Inspired by Geoff, when I next walk the Ullswater Way I will try to imagine the valley at different times in its history – when glaciers were carving out the valleys, or when, as the climate warmed and rainfall increased, the area was covered in dense forest. I will try to imagine how life might have been during Neolithic or Iron Age times.
During this year’s Ullswater Outdoor Fest, the Friends of the Ullswater Way organised a series of five talks on the history and heritage of the valley. The second was by Kate Sharpe from Durham University on prehistoric Rock Art in the Lake District.
Twenty years ago almost nothing was known about rock art in the Lake District fells but, as Kate Sharpe’s talk revealed, it seems that the more we look the more we find. Carved into stones and boulders, we find mysterious circular hollows known as ‘cups’, perhaps together with rings, grooves and other shapes. So when were these designs created? By whom? And for what purpose? Kate’s talk, illustrated by stunning images of rock art throughout the area, guided us step by step towards an understanding of what we know so far about Rock Art in the Lake District and highlighted the big questions that she and others are still striving to answer.
Kate first gave an overview of what we currently know about British Rock Art, using a map to illustrate that the majority of Britain’s 7000 known rock art sites are in Scotland and northern England. However, she emphasized that only a few areas have been thoroughly documented, an example being Northumberland and Durham where local communities have been in involved in the recording process. She also explained the different types of rock art, distinguishing for example between designs found on bedrock and boulders, those found on megalithic structures such as standing stones, and those on portable stones, such as cup-marked cobbles. All this rock art has been dated to the Neolithic and Bronze Ages, from about 4000 to 1500 BC.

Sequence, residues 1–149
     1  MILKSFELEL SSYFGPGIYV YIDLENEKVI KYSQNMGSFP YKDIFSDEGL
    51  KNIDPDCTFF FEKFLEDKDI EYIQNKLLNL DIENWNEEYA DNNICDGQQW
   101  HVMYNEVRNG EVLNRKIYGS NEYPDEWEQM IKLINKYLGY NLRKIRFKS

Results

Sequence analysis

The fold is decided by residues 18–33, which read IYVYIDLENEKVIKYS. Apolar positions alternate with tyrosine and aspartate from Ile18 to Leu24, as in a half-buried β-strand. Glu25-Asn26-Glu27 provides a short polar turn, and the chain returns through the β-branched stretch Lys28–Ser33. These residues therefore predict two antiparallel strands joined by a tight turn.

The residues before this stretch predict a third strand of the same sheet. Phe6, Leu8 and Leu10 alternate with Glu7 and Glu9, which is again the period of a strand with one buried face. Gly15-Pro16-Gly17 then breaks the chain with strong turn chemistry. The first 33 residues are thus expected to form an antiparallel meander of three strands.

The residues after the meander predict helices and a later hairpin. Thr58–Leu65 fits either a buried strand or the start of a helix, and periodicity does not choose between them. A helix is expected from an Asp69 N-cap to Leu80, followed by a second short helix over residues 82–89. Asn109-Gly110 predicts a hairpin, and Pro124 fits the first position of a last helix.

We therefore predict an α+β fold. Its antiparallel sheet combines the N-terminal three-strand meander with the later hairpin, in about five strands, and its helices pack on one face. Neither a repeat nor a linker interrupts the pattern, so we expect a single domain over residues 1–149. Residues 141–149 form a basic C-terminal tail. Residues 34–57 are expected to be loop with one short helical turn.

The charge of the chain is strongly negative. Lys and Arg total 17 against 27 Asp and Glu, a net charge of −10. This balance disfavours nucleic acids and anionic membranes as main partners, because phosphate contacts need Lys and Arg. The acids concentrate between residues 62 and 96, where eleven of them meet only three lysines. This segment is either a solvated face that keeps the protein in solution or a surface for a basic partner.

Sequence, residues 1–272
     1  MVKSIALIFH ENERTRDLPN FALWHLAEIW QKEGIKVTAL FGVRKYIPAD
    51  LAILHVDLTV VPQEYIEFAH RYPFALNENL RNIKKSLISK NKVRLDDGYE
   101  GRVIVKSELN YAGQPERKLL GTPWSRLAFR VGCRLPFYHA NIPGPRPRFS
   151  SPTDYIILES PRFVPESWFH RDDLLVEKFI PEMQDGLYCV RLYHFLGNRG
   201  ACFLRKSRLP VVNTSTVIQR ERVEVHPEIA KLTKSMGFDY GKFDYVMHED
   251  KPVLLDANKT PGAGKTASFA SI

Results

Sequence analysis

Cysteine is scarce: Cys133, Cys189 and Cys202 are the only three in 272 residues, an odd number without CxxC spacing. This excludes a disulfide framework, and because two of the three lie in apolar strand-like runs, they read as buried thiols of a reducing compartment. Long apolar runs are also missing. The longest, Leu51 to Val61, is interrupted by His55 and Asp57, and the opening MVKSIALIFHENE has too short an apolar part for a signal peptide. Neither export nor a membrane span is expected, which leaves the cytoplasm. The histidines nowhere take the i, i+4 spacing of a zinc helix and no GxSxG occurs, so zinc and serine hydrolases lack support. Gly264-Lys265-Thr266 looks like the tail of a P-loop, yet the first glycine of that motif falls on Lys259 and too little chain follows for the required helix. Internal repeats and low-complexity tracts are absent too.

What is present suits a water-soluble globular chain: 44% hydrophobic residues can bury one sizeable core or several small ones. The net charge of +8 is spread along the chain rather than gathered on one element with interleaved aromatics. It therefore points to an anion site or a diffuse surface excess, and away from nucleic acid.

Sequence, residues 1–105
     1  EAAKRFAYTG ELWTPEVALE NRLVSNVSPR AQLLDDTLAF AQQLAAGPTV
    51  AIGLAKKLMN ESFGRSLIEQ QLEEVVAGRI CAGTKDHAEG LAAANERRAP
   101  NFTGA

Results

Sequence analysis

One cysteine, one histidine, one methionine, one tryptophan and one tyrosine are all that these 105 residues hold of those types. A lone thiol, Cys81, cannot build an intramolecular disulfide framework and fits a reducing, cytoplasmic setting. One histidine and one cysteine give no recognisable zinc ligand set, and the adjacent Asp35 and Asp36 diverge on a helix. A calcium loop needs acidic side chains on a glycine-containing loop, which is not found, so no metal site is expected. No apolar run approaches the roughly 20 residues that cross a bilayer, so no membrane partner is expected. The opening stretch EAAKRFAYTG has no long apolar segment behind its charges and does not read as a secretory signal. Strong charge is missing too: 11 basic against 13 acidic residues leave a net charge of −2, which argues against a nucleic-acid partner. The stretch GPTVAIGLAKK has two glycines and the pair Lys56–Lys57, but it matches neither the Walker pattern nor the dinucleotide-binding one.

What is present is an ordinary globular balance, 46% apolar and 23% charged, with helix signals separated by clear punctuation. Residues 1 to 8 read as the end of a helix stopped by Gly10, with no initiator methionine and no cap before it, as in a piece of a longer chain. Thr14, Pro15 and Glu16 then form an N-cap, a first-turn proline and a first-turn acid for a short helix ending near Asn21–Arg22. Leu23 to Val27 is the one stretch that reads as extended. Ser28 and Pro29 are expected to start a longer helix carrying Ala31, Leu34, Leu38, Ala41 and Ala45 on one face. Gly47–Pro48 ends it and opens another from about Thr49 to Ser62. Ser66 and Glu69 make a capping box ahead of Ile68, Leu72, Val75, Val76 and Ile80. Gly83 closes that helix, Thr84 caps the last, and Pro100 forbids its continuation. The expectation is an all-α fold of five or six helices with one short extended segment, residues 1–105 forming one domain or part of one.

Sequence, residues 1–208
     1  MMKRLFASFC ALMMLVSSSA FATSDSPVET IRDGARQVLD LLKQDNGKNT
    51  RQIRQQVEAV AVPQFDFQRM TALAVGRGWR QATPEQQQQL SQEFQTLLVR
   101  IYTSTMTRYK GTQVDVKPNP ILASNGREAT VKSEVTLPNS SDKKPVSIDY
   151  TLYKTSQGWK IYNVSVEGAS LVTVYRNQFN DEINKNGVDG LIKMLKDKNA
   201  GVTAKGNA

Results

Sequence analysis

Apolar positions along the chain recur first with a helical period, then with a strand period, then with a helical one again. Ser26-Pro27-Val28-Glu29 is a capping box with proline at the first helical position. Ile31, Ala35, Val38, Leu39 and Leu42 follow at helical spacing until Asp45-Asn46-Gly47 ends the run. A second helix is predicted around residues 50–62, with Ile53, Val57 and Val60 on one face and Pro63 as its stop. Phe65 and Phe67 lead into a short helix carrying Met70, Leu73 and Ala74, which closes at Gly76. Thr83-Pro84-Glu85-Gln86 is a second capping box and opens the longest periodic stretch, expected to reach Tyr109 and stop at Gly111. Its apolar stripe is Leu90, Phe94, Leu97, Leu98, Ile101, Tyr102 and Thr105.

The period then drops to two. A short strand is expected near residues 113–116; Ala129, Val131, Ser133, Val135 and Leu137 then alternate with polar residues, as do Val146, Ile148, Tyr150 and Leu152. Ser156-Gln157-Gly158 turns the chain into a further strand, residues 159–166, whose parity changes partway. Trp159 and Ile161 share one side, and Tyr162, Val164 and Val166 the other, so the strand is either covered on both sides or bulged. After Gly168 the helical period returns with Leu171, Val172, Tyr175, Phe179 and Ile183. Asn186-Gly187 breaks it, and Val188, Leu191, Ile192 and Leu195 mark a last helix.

When Kate began working on Cumbrian Rock Art, about 20 years ago, the markings on Long Meg and the Standing Stones of Shap were well known but almost nothing had been recorded from the central Lake District. However, not soon after, a local resident of Patterdale who had seen cup marks whilst on holiday in Italy, realized that there were similar designs on the rocks in his garden. Subsequently similar marks were found in other locations in Patterdale and beyond.
The more people have looked for rock art, the more has been found – at Loweswater, Buttermere, Langdale, Grasmere, Grange in Borrowdale, Thirlmere, Rydal, Ambleside – 35 sites to date. As Kate plotted these sites on a map, she began to see a pattern emerging which might help explain the purpose behind the enigmatic designs.
Kate realized that all the Lake District rock art sites are close to the head or tail of lakes, on or just above the valley floor of valleys linking the lowlands to the mountains. Perhaps our Neolithic and Bronze Age ancestors moved seasonally in and out of valleys or between valleys, following their herds, or making regular journeys to key sites such as the axe factory known to have existed in Langdale. Perhaps the valleys provided useful site-lines, perhaps lake margins were easier to move along than the higher fells, perhaps cargo and people were moved by boats on the lakes.
So were the cup-marked stones used for way-marking? Or did they perhaps mark a meeting place? Or maybe they had a commemorative or ritual purpose – a place, for example, where the solstice could be observed. If you would like read more about Kate’s work please see the attached article. You can also follow the unfolding story of Britain’s Rock Art on http://archaeologydataservice.ac.uk/era/ and as you are out and about in the fells please keep your eyes peeled for new discoveries.